To Optimize Organizational Culture, Use Both Sides of the Brain

To Optimize Organizational Culture, Use Both Sides of the Brain

01.09.12Wes Siegal

Too often, management thinkers invoke the mysterious “black box” of organizational culture to explain performance. When a merger between two companies, one with tight supply chain capabilities and one with a great sales organization, fails to realize the expected profit, we chalk it up to cultural differences.  Or when one electronics manufacturer wins with market share and great products, while another with very similar resources capabilities loses, we quickly conclude that the leading company has a superior culture.

Obviously, culture is important.  But we rarely talk about the components of winning cultures;  instead we tend to talk about every culture as if it is unique, a product of a company’s history, people, and values.  There are, however, patterns to winning cultures, and those of us who lead organizations – or their efforts to improve – would be well served to better understand them.  The popular left-brain /right-brain concept is useful in explaining when and how culture improves performance.

Let’s start with the left brain, or the “rational” mind, and consider how it affects culture.  Left brain attributes include linear thinking and precise, unambiguous categorization.  When these attributes are reinforced more widely across an organization, they show up as hierarchical, regimented patterns of behavior.  At their very worst, these are organizations that operate like Heller’s Army or Kafka’s judicial system, rigidly adhering to absurd, Byzantine rules. But more mature left-brain cultures have one very significant advantage: they get things done. These are companies where if someone says something is going to happen, it does – reliably, and on time.  

Sounds great, right?  Well, too much of an execution focus has its risks, too.  Execution cultures create legions of good citizens who fulfill the letter, but not the spirit, of the law. These are the organizations that will install a new customer relationship management system, redefine sales representatives’ roles, and train employees in the related new processes, all under budget and on time. But even when sales increase, some essential element still seems to be missing: the intended shifts in relationships with customers never materialize, and competitors are still first in line at the big accounts. Execution cultures drive people to sub-optimize, checking the boxes on things that have been assigned to them, without paying attention to the bigger picture behind their assignments.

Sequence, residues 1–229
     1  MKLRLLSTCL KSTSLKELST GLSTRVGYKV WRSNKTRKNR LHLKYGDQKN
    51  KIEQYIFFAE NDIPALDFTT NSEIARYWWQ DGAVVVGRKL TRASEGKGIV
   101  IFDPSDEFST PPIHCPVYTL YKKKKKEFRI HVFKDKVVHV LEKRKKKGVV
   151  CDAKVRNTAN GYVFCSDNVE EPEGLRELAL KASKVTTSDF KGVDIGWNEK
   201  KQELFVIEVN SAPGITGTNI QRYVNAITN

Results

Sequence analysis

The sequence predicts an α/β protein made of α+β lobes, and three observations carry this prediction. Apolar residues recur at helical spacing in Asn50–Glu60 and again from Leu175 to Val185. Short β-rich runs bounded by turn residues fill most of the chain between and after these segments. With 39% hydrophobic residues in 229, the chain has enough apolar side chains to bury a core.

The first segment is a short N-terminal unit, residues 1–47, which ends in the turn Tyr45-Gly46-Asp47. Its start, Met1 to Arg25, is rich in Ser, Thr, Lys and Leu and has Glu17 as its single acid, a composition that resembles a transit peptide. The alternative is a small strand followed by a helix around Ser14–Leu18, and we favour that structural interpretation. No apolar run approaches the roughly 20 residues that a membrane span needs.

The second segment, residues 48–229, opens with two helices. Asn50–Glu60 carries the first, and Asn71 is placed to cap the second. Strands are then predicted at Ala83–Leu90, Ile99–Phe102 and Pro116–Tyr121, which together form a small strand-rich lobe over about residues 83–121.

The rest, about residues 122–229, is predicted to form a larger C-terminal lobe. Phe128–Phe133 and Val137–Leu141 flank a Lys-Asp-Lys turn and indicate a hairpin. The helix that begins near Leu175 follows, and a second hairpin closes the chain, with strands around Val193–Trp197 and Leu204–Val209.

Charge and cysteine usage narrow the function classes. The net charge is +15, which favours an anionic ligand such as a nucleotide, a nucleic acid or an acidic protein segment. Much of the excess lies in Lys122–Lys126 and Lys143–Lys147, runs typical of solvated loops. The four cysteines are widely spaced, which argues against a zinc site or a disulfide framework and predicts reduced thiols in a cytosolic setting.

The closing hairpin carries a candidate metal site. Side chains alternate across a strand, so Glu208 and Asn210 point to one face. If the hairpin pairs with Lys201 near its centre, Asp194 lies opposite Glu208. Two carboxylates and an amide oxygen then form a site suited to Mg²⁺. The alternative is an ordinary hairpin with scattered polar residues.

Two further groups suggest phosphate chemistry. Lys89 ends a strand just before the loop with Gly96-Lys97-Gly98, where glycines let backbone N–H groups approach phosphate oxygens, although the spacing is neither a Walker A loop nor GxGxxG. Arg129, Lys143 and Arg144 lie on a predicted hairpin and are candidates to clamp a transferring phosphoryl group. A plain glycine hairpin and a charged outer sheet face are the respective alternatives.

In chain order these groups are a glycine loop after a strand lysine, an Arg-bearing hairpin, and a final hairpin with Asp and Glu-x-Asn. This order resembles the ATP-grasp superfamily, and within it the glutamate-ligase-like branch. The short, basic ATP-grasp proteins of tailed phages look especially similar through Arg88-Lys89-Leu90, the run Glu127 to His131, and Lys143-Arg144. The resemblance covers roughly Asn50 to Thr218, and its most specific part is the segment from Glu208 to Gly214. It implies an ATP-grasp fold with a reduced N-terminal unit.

OK, let’s look at the right side of the brain, the home of creativity and intuition, and see how it affects culture.  Right brain cultures are spontaneous, exciting, and brimming with ideas.  Several internet start-ups and creative organizations like marketing and advertising firms fit this profile. But where every idea is a good idea, follow through is typically weak.  These cultures quickly develop norms that make it very uncomfortable to establish accountability, eliminate ideas, or prioritize work.  Organizations with too much of a right brain orientation struggle to cohere around the few good ideas that will make a difference in the marketplace.  In short: great ideas, lousy execution.

The key is not to balance the left and right brain tendencies, but to maximize them together.  Winning cultures execute quickly and reliably, but they don’t routinize work, and they avoid rigidity.  They consistently generate ideas and question assumptions, but they test, discard, and adapt ideas, so they end up with only the best ones.  We can call this an “adaptive execution culture.”  Adaptive execution cultures cultivate people who join forces together to constantly improve their performance, and push one another into new realms of performance. Think of a time you and a group of people successfully navigated a challenging transition.  There was a sense of urgency, so action had to be taken.  At the same time the keys to success were unknown, so assumptions had to be tested and you had to discover together what worked.  Adaptive execution cultures reinforce these behaviors, generating speed, focus, and innovation.

So the next time you hear a company’s performance – good or bad – being explained by “culture,” take a deeper look.  Rather than a mysterious force, chances are good that it is the presence or absence of an adaptive execution culture that is making the difference.  

What are some of the things that you do – as a manager, leader, or member – that challenge people to think and behave with in ways that are consistent with an adaptive execution culture?

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